B-side of How Can We Tell Him
(Written by Smokey Robinson)
Bobby’s voice is still strangely echoey and nasal, and it’s not any better to listen to than on the A-side; a Fifties matinee idol’s delivery, and I don’t mean that as a compliment. But the song he’s singing is giant, seven league strides ahead of How Can We Tell Him – it has a genuinely great tune, clever and unexpected chord changes playing up the naïve hope of Breen’s narrator, a beautifully-sketched character: lonely but still keeping the faith as his date fails to turn up and the minutes and hours tick by, Bobby giving her the benefit of the doubt rather than resorting to rancour.
In his role as Motown’s Vice-President and a surprisingly important A&R man for the label, Smokey Robinson found himself writing and producing for all manner of little-known acts in the hope that he’d unearth the next Mary Wells; what’s remarkable is that no matter how strange the task, Smokey never phoned it in, always came up with something – if not always necessarily something good, then at least something interesting.
This one is particularly interesting, both in terms of that wistful, lazy killer hook (and the attendant production touches – seaside sound effects, crashing waves and so on), and the thought that’s been put into the lyrics. The MOR surroundings, and Breen’s weirdly nasal voice, trick the listener into thinking the song’s about the woman Bobby’s singing to, instead of realising it’s actually a character study about the narrator. He’s meant to be meeting up with his ex-girlfriend, who – after some persistent pestering – has agreed to meet him at their old rendezvous spot on the shore for what Bobby seems to have sold as a clear-the-air, “let’s be friends” sort of talk. However, Bobby’s clearly treating the thing as a romantic date, seeing her acceptance as a sign she’s still interested, and he’s filled with hope that this is their chance to get back together again, a prospect which the listener knows is probably doomed right from the start.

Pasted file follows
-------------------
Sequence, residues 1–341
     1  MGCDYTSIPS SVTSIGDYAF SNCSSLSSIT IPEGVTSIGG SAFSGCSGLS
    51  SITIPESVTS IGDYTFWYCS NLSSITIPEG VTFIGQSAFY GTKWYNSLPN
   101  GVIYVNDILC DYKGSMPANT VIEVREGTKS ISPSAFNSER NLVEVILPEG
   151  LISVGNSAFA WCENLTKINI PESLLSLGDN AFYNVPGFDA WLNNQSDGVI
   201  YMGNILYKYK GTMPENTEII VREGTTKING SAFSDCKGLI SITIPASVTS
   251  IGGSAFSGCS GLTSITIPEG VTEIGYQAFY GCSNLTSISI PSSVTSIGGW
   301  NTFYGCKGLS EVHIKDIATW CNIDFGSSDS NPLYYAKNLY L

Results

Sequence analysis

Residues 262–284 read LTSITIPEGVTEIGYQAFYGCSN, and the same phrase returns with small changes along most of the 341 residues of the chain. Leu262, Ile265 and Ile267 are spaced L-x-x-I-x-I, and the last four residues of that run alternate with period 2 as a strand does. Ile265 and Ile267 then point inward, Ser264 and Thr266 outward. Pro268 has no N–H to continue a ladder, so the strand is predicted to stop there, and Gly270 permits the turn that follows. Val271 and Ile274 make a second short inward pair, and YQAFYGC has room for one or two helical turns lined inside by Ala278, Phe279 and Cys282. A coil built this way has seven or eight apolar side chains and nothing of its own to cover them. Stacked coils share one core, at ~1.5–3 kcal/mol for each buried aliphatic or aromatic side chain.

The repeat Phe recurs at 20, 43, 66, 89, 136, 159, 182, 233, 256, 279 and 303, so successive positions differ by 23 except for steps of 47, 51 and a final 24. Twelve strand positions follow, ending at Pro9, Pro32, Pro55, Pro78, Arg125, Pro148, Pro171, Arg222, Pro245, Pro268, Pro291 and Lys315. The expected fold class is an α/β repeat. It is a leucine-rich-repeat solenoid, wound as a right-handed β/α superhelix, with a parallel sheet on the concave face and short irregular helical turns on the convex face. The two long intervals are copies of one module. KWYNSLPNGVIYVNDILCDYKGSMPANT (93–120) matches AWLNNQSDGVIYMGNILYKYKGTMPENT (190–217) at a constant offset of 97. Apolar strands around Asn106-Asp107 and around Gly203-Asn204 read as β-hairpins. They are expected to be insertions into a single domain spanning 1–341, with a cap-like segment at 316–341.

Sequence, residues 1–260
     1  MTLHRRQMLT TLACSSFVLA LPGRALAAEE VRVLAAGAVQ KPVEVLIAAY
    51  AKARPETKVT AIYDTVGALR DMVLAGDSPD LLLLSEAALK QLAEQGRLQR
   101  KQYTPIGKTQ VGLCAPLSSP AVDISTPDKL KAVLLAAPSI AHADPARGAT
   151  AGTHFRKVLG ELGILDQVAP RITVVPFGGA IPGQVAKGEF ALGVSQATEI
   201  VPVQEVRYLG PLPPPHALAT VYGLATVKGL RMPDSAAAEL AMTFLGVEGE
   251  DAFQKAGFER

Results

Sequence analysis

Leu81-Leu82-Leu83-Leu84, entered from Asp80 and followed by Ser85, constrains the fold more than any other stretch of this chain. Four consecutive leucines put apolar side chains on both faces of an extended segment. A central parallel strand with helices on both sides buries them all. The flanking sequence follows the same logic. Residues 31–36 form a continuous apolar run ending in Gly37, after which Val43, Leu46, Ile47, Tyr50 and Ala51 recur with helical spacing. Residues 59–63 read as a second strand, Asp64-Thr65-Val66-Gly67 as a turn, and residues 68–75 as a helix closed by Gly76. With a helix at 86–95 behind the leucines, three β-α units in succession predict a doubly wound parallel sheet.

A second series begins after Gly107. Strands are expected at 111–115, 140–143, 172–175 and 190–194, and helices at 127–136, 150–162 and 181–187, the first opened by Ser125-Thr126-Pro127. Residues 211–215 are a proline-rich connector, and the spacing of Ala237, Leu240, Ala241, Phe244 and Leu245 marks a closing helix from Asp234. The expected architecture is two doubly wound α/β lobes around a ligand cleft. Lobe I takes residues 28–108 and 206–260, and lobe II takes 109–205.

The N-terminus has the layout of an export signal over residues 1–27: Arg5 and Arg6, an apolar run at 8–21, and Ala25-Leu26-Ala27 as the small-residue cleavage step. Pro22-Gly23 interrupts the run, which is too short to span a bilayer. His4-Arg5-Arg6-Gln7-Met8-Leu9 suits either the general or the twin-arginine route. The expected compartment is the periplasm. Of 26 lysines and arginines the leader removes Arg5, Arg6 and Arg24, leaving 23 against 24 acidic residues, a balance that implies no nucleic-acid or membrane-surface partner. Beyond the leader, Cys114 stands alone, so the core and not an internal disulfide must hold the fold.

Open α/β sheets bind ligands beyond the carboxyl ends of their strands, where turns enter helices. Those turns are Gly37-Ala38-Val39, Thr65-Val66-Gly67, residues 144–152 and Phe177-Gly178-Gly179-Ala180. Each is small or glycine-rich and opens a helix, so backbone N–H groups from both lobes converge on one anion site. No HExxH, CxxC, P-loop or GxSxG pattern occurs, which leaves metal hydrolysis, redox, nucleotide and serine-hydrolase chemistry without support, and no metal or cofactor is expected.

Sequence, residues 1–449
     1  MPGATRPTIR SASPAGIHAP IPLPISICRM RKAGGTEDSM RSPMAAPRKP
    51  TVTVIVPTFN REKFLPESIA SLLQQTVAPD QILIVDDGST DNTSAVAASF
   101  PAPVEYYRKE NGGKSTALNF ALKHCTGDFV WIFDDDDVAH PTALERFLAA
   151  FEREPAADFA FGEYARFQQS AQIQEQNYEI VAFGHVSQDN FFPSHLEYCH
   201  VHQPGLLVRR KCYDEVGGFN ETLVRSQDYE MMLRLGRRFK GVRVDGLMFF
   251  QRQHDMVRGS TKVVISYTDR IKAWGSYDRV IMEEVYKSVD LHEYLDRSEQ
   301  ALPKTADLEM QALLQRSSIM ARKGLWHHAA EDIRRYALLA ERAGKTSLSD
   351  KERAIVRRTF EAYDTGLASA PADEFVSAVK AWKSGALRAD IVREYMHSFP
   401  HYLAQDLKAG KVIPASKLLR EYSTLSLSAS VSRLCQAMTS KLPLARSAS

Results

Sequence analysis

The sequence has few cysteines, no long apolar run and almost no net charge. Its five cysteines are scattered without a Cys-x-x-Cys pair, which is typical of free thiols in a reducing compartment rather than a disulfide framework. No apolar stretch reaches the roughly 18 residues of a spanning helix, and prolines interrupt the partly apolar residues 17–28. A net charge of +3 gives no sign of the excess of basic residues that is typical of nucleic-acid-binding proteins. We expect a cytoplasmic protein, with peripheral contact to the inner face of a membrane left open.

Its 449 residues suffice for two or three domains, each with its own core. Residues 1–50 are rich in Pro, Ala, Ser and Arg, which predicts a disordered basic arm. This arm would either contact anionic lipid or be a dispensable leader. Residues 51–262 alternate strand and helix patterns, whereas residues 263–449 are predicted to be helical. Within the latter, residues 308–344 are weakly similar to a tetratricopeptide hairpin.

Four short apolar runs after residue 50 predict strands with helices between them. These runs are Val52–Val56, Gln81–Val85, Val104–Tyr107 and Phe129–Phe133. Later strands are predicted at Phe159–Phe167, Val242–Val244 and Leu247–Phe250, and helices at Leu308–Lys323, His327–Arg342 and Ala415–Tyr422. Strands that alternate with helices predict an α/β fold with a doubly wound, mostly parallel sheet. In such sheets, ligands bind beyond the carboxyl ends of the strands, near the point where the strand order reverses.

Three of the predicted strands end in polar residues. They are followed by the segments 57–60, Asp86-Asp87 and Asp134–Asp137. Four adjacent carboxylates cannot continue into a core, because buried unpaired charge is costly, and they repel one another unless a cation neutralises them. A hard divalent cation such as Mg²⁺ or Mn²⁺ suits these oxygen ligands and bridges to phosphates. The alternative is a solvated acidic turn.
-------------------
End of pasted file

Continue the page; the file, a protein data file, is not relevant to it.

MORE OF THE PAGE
What follows is a sharply accurate portrayal of a man who hasn’t been this happy in weeks and won’t be again for weeks more, but who’s desperate to cling on to that thread of happiness that he’s pretending it doesn’t matter she’s over an hour late; she’s bound to come round the corner any second now. Any second now. The agony of love.
I’d pay so much money to hear Smokey himself singing this in Bobby’s place; if this had been a Miracles cut, it might have been a masterpiece. Instead, it’s a good song, sung earnestly but inescapably poorly – though Bobby’s wounded puppy-dog delivery wins you over anyway. (His performance stands in complete contrast to the A-side’s unengaging tale of a messy love triangle, where Breen came across as a spineless dullard, difficult to care for or about).
This is essentially an R&B ballad, adapted for a white MOR performer; Motown was replete with examples going the other way by 1969 as Berry Gordy pushed his artists towards a fabled goal of crossover acceptance, but this is a weird experience, strangely touching, possessed of a brilliant tune; all in all, it’s enough to forgive Bobby’s well-meaning sappy excesses (to a point, anyway).
Beautiful and intriguing, and those are the last words I’d expected to be using to describe a long-forgotten Bobby Breen B-side.
MOTOWN JUNKIES VERDICT
(I’ve had MY say, now it’s your turn. Agree? Disagree? Leave a comment, or click the thumbs at the bottom there. Dissent is encouraged!)
You’re reading Motown Junkies, an attempt to review every Motown A- and B-side ever released. Click on the “previous” and “next” buttons below to go back and forth through the catalogue, or visit the Master Index for a full list of reviews so far.
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“How Can We Tell Him”
“Run, Run, Run”
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